Keywords: Leptin, CNTF, LIF, IL-6, GnRH neurons, GT1-7 cells, GN11 cells, reproduction. CLASS-I CYTOKINES Class-I cytokines represent a large group of molecules involved in different physiological processes, including host defence, immune regulation, food intake, energy metabolism and reproduction. All class-I cytokines described to date are characterized by limited primary sequence identity, while are all fold into a bundle of four alpha-helices [1, 2] and signal via related receptors that share molecular signatures and activate similar intracellular pathways [3, 4]. A unique aspect of class-I cytokines is that the four alpha-helices are arranged in a ‘up-up-down-down’ fashion as a result of the antiparallel orientation of two consecutive pairs of helices and, in most of these cytokines, this bundle fold is stabilized by up to three disulphide bridges. On the basis of the length of their alpha-helices, these cytokines are subdivided into ‘long chain’ or ‘short chain’ cytokines [5]. Growth hormone, prolactin, leptin, erythropoietin and the glycoprotein 130 (gp130)-cytokines are made up of 170-250 amino acids and belong to the ‘long chain’ group; cytokines like interleukin (IL)-2, IL-3, IL-4 and IL-13 typically do not exceed 160 amino acids and represent the ‘short chain’ group [6]. *Address correspondence to this author at the Department of Endocrinology, Pathophysiology and Applied Biology, Center of Excellence on Neurodegenerative Diseases, Università degli Studi di Milano, via G. Balzaretti, 9, 20133 Milano, Italy; Tel: ++39-02-5031.8229; Fax: ++39-02-5031.8204; E-mail: [email protected] 1389-2037/09 $55.00+.00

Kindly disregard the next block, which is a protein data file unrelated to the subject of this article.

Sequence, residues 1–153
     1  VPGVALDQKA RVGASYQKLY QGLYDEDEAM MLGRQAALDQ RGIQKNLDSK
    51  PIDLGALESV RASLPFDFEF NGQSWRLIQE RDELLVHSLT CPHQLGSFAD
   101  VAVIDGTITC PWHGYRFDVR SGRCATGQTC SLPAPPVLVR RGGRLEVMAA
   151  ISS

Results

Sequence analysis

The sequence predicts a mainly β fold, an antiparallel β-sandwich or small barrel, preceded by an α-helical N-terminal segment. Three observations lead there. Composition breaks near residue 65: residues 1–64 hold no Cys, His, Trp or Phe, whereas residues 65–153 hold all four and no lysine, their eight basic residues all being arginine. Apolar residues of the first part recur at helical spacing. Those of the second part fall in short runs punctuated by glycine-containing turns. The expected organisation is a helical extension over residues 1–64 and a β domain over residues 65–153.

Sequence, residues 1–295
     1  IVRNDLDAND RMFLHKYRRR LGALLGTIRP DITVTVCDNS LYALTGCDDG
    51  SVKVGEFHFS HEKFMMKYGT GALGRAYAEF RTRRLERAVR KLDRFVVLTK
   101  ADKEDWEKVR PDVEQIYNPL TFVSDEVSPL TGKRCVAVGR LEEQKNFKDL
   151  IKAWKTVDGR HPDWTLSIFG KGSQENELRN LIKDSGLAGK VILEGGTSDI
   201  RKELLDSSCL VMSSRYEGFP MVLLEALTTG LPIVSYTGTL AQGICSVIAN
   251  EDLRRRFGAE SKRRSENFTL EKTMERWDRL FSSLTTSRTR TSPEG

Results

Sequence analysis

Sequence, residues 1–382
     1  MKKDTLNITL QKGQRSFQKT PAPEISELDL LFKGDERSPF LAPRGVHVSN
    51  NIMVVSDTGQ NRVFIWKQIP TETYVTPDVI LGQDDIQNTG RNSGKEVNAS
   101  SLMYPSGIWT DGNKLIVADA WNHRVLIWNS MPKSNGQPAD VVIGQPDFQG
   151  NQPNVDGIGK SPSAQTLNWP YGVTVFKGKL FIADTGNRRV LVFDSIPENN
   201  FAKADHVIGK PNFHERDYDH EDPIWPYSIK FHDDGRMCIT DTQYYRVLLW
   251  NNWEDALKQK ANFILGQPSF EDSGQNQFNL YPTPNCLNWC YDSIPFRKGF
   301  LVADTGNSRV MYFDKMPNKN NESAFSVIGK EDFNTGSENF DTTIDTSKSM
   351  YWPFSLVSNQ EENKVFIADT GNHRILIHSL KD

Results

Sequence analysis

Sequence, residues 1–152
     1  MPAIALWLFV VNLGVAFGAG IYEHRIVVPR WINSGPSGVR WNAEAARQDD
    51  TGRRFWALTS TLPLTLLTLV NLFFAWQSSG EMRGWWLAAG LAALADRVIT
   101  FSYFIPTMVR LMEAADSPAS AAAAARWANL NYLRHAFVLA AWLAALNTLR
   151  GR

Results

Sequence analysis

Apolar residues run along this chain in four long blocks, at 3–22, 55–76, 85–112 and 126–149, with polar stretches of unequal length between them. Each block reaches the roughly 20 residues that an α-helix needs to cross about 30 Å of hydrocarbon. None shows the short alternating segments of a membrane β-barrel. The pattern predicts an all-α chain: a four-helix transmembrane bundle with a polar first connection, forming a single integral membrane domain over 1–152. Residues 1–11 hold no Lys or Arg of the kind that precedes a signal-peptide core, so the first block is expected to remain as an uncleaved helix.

In the present review we will focus our attention on four cytokines of the ‘long chain’ group and specifically leptin and the gp130-cytokines ciliary neurotrophic factor (CNTF), leukemia inhibitory factor (LIF) and interleukin-6 (IL-6), with the aim of discussing their role in the neuroendocrine regulation of the reproductive function. THE KEY ROLE OF GONADOTROPIN-RELEASING HORMONE NEURONS IN THE REPRODUCTIVE FUNCTION Reproduction is the key function for the propagation of the species and requires a correct development and maturation of the gonads, as well as of the neuroendocrine control exerted by the action of gonadotropin-releasing hormone (GnRH)-secreting neurons. The hypothalamic decapeptide GnRH is the key hormone in the control of the reproductive function. The initiation of the reproductive cascade in all mammalian species requires the completion, during embryonic life, of a developmental program consisting in the migration of the GnRH neurons, from the olfactory placode, along olfactory nerves and through the nasal compartment, into the septal-hypothalamic region [7, 8]. Once the final destination is reached, they undergo differentiation and axonal elongation to make contacts with other hypothalamic neurons and the pituitary portal vessels in the median eminence and start releasing GnRH in a pulsatile fashion to © 2009 Bentham Science Publishers Ltd.